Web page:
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I have a requirement. I need to do a bidirectional data synchronization between SQLite db in the Android device and a central SQL server. For this which is the best method? Creating a web service or using the MicroSoft sync framework? Kindly suggest the best method and please explain why the preferred one is better compared to the other.

note: the synchronization will be online

Thanks, Josin

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closed as not constructive by Flexo, Christopher Orr, Ram kiran, user97693321, Perception Feb 21 '13 at 4:32

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We have this exact same requirement, same technologies and same target platform. We ended up using a web service and stored procs, but I'm curious to see what kind of replies you will get here. We scrapped the idea of using CDC or MS solutions fairly quickly in the design process. –  user1735181 Jan 3 '13 at 19:43
Marco, Why did you choose Web service? is it because any difficulty you faced to implement sync framework? –  jopil Jan 4 '13 at 4:54

2 Answers 2

First of all, there are no sync providers for SQLite, so you would need to write your own. SQL Server 2008 to SQL CE can easily accomplish this, however SQLCe brings much more overhead, and didn't meet our performance/app size metrics.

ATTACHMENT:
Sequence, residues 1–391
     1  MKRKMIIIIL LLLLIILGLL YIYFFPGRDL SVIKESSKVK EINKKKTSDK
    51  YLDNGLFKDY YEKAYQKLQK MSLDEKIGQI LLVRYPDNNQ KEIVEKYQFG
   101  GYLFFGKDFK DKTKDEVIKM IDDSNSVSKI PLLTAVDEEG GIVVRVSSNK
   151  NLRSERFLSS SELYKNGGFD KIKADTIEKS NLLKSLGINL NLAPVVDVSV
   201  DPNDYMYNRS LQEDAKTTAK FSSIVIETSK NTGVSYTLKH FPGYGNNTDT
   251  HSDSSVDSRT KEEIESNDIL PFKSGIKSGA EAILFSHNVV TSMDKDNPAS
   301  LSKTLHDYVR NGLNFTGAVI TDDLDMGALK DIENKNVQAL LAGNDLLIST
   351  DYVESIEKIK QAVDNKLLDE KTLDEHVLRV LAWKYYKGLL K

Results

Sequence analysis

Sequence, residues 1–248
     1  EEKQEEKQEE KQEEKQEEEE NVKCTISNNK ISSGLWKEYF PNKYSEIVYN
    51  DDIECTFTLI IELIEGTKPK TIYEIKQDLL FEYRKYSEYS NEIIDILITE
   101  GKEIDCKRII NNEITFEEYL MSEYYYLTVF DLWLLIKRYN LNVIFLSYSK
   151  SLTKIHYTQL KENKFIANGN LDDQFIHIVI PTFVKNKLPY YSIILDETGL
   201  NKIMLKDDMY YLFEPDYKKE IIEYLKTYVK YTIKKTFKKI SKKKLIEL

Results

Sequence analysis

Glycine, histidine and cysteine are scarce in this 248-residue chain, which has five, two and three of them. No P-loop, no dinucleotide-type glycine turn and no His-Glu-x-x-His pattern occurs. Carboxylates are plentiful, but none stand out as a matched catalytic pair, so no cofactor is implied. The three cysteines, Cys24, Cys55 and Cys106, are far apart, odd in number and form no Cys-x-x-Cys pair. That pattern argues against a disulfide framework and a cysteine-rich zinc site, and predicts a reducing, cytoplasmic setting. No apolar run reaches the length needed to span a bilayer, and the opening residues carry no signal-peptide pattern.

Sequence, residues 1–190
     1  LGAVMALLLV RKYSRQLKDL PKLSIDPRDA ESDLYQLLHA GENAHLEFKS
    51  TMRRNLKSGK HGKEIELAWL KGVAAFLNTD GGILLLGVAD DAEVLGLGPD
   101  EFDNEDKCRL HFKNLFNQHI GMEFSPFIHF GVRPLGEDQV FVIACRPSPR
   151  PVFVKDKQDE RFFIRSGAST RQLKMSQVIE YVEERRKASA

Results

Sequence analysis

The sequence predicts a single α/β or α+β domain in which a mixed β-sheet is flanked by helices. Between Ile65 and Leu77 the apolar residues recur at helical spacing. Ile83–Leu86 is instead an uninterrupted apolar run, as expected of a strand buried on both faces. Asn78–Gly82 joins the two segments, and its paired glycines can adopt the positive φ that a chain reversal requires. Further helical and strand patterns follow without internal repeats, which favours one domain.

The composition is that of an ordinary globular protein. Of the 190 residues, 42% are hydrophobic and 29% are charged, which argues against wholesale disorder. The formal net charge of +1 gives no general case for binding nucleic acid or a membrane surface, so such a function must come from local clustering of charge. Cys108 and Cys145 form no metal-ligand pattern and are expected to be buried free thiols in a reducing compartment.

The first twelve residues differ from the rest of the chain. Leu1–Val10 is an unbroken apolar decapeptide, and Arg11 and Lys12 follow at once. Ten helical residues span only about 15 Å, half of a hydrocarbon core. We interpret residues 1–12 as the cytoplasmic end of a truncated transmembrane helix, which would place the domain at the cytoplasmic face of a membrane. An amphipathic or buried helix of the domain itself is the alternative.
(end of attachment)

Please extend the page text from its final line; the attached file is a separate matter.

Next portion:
Second, it depends on your exact sync requirement. We needed to implement version control, in the way that an admin could run any previous version of our app with the exact same data as it was for that version at the time. Change Tracking tracks net changes, meaning you only get to see the most recent version of a record. We needed to track every change that occurred to a given record.

Third, Microsoft Sync Services can severely bog down Macs, specifically ones running Snow Leopard. Our application is cross platform, desktop, tablets, iOS, Android, etc...

I know this isn't an "answer", but given our requirements, Web Services and stored procs were the right solution for this project.

Hope it helps, Marco

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I had the same question running through my mind a couple of years back.

In the end I wrote my own service to handle synchronization as there were few options at the time.

I would be very wary of forking out $$$'s for a framework if you haven't had time to trial and see if there are any limitations that preclude its use.

The question is rather subjective, specifically whether or not you have complex requirements, security and infrastructure restrictions etc.

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